BYU football: Offense returns to life in win, but only for a half
Turnovers still a struggle for Cougars
Kristin Murphy, Deseret News
PROVO — Midway through the second quarter at LaVell Edwards Stadium, BYU was cruising, and it appeared the Cougars were on the verge of routing San Jose State.
But if there's one thing that's been established this season, it's this — nothing comes easy for the Cougars.
SJSU, which took advantage of BYU turnovers, fought its way back into the game, pulling to within 10 points in the second half. But in the end, BYU held off the Spartans, 29-16, before a crowd of 59,782 late Saturday night.
BYU improved to 4-2 on the season while SJSU fell to 2-4.
Nelson completed 14-of-24 passes for 219 yards and three touchdowns. He rushed nine times for 65 yards and lost one fumble.
Heaps did not play.
At times, Nelson, the left-hander from Logan, shined. In the first half, he had moments when he looked a little like Steve Young, scrambling around, throwing accurately, making plays and leading touchdown drives. He appeared to be the answer to BYU's offensive woes. At one point in the first half, Nelson's passing efficiency rating was an eye-popping 334.2.
But the Spartans made adjustments in the second half. After completing 10-of-14 passes for 170 yards, one interception and three touchdowns in the first half, Nelson cooled off considerably in the third quarter, going 0-for-4 with an interception, and completing only 4-of-10 passes for 49 yards in the second half.
One of Nelson's second-half incompletions was a pass that Nelson threw up for grabs, high in the air, as he was being pressured in the backfield. That could have been intercepted as well, but the ball dropped untouched.
Fortunately for BYU, sophomore running back Michael Alisa emerged as a weapon, and a workhorse, in the backfield. He rushed 16 times for 91 yards and kept drives alive.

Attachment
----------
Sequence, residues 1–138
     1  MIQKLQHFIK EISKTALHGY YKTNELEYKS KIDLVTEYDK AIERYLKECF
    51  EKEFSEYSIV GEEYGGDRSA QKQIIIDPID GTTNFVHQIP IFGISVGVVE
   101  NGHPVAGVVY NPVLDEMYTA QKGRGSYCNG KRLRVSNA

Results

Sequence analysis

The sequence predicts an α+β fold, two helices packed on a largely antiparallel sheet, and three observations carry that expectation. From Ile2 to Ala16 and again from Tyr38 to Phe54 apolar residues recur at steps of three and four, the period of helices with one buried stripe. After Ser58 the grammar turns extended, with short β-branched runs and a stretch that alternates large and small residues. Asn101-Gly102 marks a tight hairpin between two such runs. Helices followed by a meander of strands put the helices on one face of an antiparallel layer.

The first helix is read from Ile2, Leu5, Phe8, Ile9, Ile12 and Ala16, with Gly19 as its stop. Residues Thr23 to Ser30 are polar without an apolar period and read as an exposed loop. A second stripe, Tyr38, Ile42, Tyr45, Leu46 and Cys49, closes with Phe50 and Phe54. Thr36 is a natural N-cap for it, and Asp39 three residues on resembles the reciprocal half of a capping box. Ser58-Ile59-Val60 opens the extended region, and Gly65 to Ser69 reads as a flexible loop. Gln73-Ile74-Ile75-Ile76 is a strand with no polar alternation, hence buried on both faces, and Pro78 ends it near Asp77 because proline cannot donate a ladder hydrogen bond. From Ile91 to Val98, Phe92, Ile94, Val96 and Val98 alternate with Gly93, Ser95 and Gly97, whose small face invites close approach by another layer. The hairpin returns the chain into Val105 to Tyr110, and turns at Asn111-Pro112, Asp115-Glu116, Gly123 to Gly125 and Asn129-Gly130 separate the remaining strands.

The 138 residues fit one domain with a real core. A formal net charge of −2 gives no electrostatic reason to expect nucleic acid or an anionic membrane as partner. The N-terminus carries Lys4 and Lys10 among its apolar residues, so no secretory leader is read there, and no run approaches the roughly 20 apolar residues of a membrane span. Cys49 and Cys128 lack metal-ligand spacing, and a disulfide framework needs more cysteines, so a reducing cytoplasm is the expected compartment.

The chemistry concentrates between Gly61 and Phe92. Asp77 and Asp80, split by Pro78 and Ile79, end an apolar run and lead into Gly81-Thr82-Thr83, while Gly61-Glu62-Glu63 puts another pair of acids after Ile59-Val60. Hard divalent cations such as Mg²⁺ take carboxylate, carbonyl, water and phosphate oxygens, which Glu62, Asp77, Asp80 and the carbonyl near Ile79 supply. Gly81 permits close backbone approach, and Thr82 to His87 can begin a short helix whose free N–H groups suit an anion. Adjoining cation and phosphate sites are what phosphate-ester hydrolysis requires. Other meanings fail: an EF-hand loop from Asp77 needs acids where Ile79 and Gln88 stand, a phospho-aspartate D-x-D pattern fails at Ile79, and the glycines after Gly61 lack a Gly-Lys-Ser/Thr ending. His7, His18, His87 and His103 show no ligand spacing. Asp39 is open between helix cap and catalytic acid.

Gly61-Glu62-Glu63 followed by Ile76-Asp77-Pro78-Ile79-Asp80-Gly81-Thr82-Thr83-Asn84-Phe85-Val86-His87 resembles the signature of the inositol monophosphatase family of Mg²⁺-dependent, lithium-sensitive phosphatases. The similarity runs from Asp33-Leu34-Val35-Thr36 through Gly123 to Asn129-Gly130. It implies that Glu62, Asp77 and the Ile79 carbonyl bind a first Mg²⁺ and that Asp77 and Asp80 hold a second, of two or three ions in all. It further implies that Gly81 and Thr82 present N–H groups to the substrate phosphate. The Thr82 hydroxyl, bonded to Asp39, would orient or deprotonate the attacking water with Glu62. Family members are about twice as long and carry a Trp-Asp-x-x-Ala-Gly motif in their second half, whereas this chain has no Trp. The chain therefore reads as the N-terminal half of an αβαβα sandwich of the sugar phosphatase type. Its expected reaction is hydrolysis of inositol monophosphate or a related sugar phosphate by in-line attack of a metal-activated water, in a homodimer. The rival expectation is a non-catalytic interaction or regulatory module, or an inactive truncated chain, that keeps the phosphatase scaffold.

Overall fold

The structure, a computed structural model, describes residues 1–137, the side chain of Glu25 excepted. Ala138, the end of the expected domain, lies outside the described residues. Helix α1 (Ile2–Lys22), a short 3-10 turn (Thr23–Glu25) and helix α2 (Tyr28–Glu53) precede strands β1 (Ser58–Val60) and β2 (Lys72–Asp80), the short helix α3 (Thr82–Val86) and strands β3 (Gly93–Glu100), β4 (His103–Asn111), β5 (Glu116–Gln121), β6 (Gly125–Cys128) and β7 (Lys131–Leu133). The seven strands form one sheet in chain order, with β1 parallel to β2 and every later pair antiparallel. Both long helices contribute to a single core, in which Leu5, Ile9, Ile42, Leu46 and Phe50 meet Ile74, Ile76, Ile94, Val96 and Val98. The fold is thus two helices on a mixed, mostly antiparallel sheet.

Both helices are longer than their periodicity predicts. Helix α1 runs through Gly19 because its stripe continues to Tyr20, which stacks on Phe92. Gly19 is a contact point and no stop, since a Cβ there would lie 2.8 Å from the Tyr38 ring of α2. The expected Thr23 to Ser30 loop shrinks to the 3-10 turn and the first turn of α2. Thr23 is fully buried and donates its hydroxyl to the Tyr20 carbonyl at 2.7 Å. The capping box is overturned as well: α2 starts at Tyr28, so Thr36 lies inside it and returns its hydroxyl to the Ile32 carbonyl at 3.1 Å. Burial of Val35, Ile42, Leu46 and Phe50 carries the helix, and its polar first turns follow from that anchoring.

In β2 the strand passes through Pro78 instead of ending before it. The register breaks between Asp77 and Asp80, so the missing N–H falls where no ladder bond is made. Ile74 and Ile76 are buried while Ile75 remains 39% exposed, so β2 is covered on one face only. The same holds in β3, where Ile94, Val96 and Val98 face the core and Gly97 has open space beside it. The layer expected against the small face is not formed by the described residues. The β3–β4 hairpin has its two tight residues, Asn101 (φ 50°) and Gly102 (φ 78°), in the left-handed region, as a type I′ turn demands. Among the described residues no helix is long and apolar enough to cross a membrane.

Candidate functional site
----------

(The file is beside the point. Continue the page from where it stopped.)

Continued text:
The Spartans played without standout running back Brandon Rutley, who suffered an ankle injury during last week's victory at Colorado State. While SJSU rushed for just 70 yards, tight end Ryan Otten (nine catches, 108 yards) and wide receiver Noel Grigsby (11 catches, 88 yards) gave BYU's defense trouble. Quarterback Matt Faulkner was 25-for-35 passes for 255 yards and two interceptions.
On BYU's first series, Nelson marched his team to the SJSU 3-yard line before fumbling the ball away. But the Cougars scored one play later on an errant snap that sailed out of the end zone to give them a safety and an early 2-0 advantage.
BYU jumped out to a 9-0 lead a few plays later on a 21-yard touchdown pass from Nelson to tight end Richard Wilson.
SJSU cut the deficit to 9-3 on a drive that lasted nearly seven minutes, culminating with a 24-yard field goal.
Nelson answered with another impressive drive capped by a 1-yard touchdown pass to Bryan Kariya that gave the Cougars a 16-3 lead. Then BYU linebacker Kyle Van Noy picked off Faulkner, and Van Noy's 31-yard return gave the Cougars possession at the SJSU 40-yard line.
One play later, Nelson threw a 40-yard touchdown strike to McKay Jacobson, who beat his man and caught the ball in stride, to make it 23-3 for BYU.
But Nelson threw his first interception of the night late in the second quarter and SJSU capitalized, booting a 40-yard field goal at the end of the half and it was 23-6 at intermission.
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